Skip to main content
Hamburger Menu Close

Advertisement

Women

She got COVID-19 at 38 weeks pregnant: A first-time mum shares her experience and fears

After getting fully vaccinated, and a week before she was due to give birth, 25-year-old Shermaine Vong-Lee got COVID-19. Her biggest worries were for her baby and whether she had to give birth alone. Here's her first-person account, as told to CNA Women's Sharon Salim.

 

She got COVID-19 at 38 weeks pregnant: A first-time mum shares her experience and fears

Shermaine Vong-Lee and her husband Jason, now back at home with their newborn son Nathan on Monday (Nov 15). (Photo: Shermaine Vong-Lee)

I am a preschool teacher and considered an essential worker, so working from home isn’t an option for me. Due to the nature of my work, my company nominated me for COVID-19 vaccination in March this year.

It was around that time that I found out I was pregnant with my first child.  

At that time, there wasn’t enough research about the safety of COVID-19 vaccination for pregnant women, so when I indicated that I was pregnant on the vaccination registration form, I found out that I wasn’t eligible for the vaccine.

I would just have to be extra careful. 

I took many extra precautions, such as not touching escalator handrails and constantly sanitising my hands.

That was the start of my constant worry about the long hours of commute – my workplace is in Punggol, a one-hour-and-15-minute journey from my home at Hillview. 

I took many extra precautions, such as not touching escalator handrails and constantly sanitising my hands. I would also sit away from crowded carriages on the train. At one point, I wore double masks, including an N95 mask. 

My biggest worry was the hours of exposure as I travelled between work and home, and my husband was concerned, too. 

NOT BEING SURE IF SHE SHOULD GET VACCINATED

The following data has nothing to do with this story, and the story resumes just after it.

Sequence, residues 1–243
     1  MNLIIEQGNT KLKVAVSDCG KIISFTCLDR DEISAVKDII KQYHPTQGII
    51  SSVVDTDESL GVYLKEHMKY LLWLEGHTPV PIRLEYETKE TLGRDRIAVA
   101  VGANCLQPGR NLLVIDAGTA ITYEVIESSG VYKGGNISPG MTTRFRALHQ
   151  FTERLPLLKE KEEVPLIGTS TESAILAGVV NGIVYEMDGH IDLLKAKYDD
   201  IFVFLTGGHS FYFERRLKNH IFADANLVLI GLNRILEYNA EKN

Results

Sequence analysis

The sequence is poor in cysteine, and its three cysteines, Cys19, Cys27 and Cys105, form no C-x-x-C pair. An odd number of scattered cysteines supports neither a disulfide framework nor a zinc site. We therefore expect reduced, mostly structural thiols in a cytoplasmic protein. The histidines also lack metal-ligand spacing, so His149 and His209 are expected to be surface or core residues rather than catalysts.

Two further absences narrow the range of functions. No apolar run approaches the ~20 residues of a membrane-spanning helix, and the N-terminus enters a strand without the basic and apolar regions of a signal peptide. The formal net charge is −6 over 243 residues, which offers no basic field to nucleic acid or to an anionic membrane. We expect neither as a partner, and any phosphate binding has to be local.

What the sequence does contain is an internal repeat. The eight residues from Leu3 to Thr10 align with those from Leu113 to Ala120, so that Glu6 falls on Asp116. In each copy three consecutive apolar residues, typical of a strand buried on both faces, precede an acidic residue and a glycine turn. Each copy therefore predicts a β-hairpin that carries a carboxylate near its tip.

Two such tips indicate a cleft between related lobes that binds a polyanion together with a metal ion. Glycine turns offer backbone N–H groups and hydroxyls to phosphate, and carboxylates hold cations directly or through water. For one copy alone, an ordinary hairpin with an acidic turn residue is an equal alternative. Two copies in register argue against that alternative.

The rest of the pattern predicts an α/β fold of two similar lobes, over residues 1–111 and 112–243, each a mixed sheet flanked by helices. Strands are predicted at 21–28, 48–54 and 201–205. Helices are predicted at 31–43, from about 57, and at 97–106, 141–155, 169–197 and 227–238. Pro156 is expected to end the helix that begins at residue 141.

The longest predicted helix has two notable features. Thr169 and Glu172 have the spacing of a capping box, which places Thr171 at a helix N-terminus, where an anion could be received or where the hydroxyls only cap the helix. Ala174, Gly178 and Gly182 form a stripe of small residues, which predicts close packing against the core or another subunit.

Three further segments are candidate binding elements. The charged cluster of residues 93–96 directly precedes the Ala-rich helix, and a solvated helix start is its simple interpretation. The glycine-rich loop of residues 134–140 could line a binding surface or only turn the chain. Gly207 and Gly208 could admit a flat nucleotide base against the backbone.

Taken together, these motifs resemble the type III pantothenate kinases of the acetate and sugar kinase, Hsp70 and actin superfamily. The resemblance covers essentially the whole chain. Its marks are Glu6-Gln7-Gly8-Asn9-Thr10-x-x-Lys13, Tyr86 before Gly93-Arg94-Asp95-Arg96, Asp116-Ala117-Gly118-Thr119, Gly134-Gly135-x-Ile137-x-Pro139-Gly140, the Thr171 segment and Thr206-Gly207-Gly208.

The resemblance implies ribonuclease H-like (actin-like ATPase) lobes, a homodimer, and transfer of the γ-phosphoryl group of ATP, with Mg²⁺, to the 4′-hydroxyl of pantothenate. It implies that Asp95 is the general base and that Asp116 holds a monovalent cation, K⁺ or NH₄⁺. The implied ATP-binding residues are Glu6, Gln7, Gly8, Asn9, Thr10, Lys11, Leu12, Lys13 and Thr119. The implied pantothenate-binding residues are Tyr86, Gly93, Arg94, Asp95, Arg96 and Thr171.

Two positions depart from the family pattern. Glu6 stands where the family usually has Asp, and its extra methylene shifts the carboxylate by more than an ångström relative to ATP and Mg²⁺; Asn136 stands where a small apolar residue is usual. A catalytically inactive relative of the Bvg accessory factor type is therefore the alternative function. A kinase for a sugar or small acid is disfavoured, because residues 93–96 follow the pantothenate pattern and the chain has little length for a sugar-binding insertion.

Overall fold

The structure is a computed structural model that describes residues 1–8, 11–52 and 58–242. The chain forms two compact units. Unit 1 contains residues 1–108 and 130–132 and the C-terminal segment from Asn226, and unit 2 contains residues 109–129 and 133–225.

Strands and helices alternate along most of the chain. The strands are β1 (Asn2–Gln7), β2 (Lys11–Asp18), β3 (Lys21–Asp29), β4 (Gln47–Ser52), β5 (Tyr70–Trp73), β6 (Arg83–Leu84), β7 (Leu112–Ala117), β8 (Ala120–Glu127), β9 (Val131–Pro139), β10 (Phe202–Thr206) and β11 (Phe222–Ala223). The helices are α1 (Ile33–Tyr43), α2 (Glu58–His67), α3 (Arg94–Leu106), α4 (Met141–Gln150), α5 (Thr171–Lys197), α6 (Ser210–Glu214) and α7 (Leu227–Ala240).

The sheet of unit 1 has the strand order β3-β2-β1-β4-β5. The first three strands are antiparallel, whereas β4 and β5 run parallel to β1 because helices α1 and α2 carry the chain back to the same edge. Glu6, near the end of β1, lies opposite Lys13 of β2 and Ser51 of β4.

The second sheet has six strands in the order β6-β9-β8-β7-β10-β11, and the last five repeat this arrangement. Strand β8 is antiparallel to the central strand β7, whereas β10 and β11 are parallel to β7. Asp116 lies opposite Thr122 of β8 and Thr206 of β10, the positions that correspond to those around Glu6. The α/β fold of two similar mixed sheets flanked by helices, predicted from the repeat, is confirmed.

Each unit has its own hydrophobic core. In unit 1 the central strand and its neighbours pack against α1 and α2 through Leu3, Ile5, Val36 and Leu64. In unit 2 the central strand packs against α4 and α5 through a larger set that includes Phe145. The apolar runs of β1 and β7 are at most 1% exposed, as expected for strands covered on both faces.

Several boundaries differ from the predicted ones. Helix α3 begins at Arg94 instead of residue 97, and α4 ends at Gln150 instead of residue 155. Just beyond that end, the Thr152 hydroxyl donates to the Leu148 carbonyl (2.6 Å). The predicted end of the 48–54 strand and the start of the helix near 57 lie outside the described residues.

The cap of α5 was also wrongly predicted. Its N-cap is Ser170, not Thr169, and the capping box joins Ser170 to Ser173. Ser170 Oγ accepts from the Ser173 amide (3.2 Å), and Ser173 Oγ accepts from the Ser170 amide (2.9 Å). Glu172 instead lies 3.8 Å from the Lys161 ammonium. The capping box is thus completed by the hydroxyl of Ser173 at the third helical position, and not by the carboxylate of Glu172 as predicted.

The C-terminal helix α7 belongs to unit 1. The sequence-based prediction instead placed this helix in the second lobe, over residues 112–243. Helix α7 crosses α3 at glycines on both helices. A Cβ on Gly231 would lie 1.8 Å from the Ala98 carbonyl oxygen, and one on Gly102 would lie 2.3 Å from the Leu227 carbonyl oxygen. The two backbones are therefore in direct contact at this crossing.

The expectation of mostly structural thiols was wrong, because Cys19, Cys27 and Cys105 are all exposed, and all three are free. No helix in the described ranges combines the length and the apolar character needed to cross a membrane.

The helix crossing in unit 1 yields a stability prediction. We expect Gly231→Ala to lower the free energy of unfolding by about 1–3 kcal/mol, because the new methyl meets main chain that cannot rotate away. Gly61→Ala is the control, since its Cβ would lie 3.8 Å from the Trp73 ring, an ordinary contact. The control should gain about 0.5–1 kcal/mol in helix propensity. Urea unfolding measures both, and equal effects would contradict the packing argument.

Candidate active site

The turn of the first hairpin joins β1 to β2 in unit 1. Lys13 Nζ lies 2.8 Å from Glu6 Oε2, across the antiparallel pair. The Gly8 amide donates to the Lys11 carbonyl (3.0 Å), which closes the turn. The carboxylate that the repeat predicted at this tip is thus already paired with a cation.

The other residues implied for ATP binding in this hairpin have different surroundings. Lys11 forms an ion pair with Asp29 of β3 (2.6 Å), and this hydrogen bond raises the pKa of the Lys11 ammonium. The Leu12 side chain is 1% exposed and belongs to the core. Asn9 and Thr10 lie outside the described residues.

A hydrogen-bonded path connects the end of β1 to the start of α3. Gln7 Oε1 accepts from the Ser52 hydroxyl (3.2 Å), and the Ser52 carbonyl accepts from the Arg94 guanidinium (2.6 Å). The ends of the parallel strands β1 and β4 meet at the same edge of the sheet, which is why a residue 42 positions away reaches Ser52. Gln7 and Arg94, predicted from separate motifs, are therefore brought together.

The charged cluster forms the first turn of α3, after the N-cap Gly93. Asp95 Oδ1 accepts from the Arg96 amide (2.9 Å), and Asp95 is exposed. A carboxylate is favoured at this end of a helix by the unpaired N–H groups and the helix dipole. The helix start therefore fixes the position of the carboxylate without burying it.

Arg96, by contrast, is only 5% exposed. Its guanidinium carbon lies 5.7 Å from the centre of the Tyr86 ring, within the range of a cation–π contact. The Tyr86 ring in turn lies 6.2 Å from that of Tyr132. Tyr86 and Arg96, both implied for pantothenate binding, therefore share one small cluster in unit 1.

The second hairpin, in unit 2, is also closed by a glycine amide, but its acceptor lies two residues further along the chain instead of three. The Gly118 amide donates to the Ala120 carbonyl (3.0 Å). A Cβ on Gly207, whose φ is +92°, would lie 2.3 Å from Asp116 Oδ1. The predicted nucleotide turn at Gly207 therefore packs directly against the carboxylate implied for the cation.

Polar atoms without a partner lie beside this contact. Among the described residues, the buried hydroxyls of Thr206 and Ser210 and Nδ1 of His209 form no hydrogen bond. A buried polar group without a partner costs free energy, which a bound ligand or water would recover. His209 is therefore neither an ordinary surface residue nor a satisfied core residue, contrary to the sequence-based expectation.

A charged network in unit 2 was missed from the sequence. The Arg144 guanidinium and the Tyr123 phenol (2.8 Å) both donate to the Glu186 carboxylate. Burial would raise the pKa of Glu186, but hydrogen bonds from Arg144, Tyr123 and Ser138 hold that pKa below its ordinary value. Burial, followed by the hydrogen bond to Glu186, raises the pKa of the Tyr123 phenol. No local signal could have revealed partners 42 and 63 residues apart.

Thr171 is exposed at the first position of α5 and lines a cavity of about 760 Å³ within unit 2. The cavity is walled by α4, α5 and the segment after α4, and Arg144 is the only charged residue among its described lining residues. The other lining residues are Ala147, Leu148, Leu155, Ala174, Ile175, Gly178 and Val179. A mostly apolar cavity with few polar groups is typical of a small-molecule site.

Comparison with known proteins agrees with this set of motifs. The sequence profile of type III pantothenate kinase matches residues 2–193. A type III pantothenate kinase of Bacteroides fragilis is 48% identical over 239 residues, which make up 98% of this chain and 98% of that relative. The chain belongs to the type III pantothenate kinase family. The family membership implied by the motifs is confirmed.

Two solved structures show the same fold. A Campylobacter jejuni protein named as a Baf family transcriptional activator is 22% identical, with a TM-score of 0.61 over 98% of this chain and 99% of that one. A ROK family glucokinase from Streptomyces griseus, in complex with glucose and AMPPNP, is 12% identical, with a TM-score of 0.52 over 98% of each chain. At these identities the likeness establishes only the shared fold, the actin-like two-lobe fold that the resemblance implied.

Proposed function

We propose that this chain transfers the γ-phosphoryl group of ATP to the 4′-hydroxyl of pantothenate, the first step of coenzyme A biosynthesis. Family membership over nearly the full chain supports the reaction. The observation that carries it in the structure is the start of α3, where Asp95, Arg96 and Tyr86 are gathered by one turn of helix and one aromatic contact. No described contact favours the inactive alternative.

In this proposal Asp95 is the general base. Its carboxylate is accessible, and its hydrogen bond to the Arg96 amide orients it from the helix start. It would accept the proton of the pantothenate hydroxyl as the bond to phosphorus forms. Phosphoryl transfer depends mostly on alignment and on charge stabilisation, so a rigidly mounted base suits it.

On May 30, when I was four months pregnant, the COVID-19 Multi-Ministry Task Force said in a press conference that the vaccine was safe for pregnant women.

It meant that I would be able to register and make an appointment to get vaccinated starting as early as Jun 4.

But I was still hesitant.  

My husband and I went back and forth for the next two months, trying to make a decision about whether I should get vaccinated. By that time, I was already in my second trimester, about 19 to 22 weeks pregnant. 

The couple found out they were pregnant with their first child in late February this year.

On one hand, by not being vaccinated, I could cause someone else or even my baby to get infected. I didn’t want to be negligent.

But on the other hand, there were so many speculations and fears surrounding the vaccine and its lack of research and how it could affect unborn babies. I was wary about its potential long-term effects. 

GOING AHEAD WITH COVID-19 VACCINATION AT 30 WEEKS

It was only in September, when COVID-19 cases in Singapore rose to the thousands daily, that I spoke to my gynaecologist about taking the vaccine.  

My doctor strongly advised me to get vaccinated due to my increased exposure to the virus at work and during my daily commute.

By then, more research had been done, such as how the antibodies from immunisation would be transferred to the baby in the womb.